Talbot Church: Guest list snub for 'too bright' Princess

The man the Royals trust...

The last few names are now being added to the guest list for the wedding of Prince William and Kate Middleton, but one surprise omission from the royal party is already being discussed in court circles. It will not be the Duchess of York who will be watching the wedding on television, as was inaccurately reported in the press, but the controversial semi-royal, Princess Michael of Kent.

I understand that none other than Prince Charles has instructed the guest committee at the Lord Chamberlain's Office that his cousin's name should be excluded. "The Prince has always considered himself the thinking person's royal," a senior courtier revealed. "It has been a source of irritation that, not only is Princess Michael something of an intellectual but that, unlike his, both her children have gone to university." The frostiness between Charles and the Princess is said to date back to her first visit to Highgrove, where she corrected his pronunciation of the German word "Weltanschauung" in front of dinner guests. She has never quite been forgiven.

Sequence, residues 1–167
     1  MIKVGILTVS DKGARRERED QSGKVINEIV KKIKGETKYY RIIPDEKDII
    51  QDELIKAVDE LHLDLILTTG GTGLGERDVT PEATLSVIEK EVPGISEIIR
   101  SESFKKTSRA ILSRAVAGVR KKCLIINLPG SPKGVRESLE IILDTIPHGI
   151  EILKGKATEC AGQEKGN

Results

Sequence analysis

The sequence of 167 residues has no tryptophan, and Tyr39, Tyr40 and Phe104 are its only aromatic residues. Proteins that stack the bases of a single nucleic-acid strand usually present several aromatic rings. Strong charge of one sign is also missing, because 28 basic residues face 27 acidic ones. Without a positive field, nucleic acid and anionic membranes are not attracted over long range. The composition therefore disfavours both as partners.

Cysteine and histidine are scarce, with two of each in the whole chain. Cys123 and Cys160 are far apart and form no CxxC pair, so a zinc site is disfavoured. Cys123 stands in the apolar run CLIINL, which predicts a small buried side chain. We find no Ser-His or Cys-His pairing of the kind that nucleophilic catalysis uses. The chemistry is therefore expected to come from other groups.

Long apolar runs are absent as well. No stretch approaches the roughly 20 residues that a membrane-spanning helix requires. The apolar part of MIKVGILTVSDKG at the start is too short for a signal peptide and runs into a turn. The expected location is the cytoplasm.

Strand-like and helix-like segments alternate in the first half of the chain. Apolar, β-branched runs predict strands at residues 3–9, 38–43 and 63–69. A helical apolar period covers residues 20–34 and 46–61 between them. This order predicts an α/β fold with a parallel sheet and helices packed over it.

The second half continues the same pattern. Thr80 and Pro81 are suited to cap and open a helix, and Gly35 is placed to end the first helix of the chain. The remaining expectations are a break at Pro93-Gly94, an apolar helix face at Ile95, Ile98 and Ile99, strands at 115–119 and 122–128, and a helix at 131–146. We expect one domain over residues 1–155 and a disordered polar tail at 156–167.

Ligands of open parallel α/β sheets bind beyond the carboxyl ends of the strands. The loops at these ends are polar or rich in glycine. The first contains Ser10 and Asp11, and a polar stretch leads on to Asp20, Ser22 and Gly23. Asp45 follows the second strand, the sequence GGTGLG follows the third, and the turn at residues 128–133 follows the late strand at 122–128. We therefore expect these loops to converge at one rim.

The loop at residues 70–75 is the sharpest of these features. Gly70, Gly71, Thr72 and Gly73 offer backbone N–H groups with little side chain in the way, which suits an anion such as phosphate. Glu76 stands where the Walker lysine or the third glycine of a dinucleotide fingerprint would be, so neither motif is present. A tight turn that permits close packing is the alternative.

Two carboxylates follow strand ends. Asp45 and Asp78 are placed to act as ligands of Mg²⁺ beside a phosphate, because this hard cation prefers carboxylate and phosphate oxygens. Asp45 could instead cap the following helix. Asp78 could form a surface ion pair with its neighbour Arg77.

* Prince William and his bride-to-be have been relaxed about the commercial exploitation of their wedding – "It goes with the territory," William says. But one product has caused displeasure in palace circles: novelty condoms bearing the portrait of the royal couple and marketed under the name "Crown Jewels".

The Prince has an excellent sense of humour, but the revelation that the product is "not suitable for contraception or protection against STDs" has caused concern. It is thought that Crown Jewels will prove popular in parts of Africa and the South Pacific, where the couple are worshipped as semi-divine beings. Promoting faulty condoms to poor families in the developing world is not the kind of legacy of which William's late mother would have approved.



* Following my revelation that the Archbishop of Canterbury, Dr Rowan Williams, has expressed concern about the wearing of a royal white wedding dress, there has been much speculation on Anglican websites as to the Church's standing on bridal purity. Dr Williams was not, of course, commenting on the royal bride's morals, only on the colour of her wedding dress. I am happy to clarify this matter.

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